INCIDENCE AND NATURE OF CHILD LABOR - Benin is a source, destination and transit country for the trafficking of children.  Children from Benin are trafficked into Cameroon, Republic of the Congo, Côte d’Ivoire, Equatorial Guinea, Gabon, Ghana, Nigeria, Togo, the Gulf States, and Lebanon; children from Burkina Faso, Niger, and Togo are sold into servitude in Benin.  Trafficked children often work as agricultural workers, domestic servants, market vendors, commercial sex workers, and in rock quarries.  Nigerian police reported in 2003 that between 6,000 and 15,000 trafficked Beninese children worked in Nigeria, many on cocoa farms.  Children are also trafficked within Benin for forced labor in construction, commercial enterprises, handicrafts, and street vending.

Human Rights Reports » 2005 Country Reports on Human Rights Practices

U.S. Dept of State Bureau of Democracy, Human Rights, and Labor, March 8, 2006

www.state.gov/g/drl/rls/hrrpt/2005/61554.htm

[accessed 23 January 2011]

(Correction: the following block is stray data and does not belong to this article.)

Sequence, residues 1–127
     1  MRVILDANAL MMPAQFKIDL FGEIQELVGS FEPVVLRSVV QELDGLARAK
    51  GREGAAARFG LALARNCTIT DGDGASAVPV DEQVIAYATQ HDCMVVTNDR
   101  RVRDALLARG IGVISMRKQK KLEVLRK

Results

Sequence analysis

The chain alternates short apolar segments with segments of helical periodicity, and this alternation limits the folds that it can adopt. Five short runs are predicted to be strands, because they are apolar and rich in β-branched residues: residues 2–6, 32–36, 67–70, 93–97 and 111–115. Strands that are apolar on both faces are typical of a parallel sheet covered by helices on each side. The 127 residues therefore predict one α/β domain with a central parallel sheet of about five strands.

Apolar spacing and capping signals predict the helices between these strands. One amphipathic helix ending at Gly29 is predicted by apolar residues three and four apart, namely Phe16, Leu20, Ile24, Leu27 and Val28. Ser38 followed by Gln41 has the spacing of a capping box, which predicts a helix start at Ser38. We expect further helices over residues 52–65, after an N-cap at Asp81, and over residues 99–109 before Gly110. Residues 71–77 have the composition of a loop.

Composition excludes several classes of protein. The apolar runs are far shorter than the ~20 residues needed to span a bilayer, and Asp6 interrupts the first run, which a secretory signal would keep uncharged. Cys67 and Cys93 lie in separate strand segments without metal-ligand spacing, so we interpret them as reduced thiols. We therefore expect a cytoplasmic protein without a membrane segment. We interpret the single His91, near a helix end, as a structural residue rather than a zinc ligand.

TRAFFICKING IN PERSONS – The traditional practice of vidomegon, in which poor, often rural, families placed a child in the home of a more wealthy family to avoid the burden the child represented to the parental family, increasingly involved abuse. While originally a voluntary arrangement between two families, the child often faced forced labor, long hours, inadequate food, and sexual exploitation. Approximately 90 to 95 percent of the children in vidomegon were young girls. Children were sent from poorer families to Cotonou and then sometimes on to Gabon, Cote d'Ivoire, and the Central African Republic to help in markets and around the home. The child received living accommodations, while the child's parents and the urban family that raised the child split the income generated from the child's activities.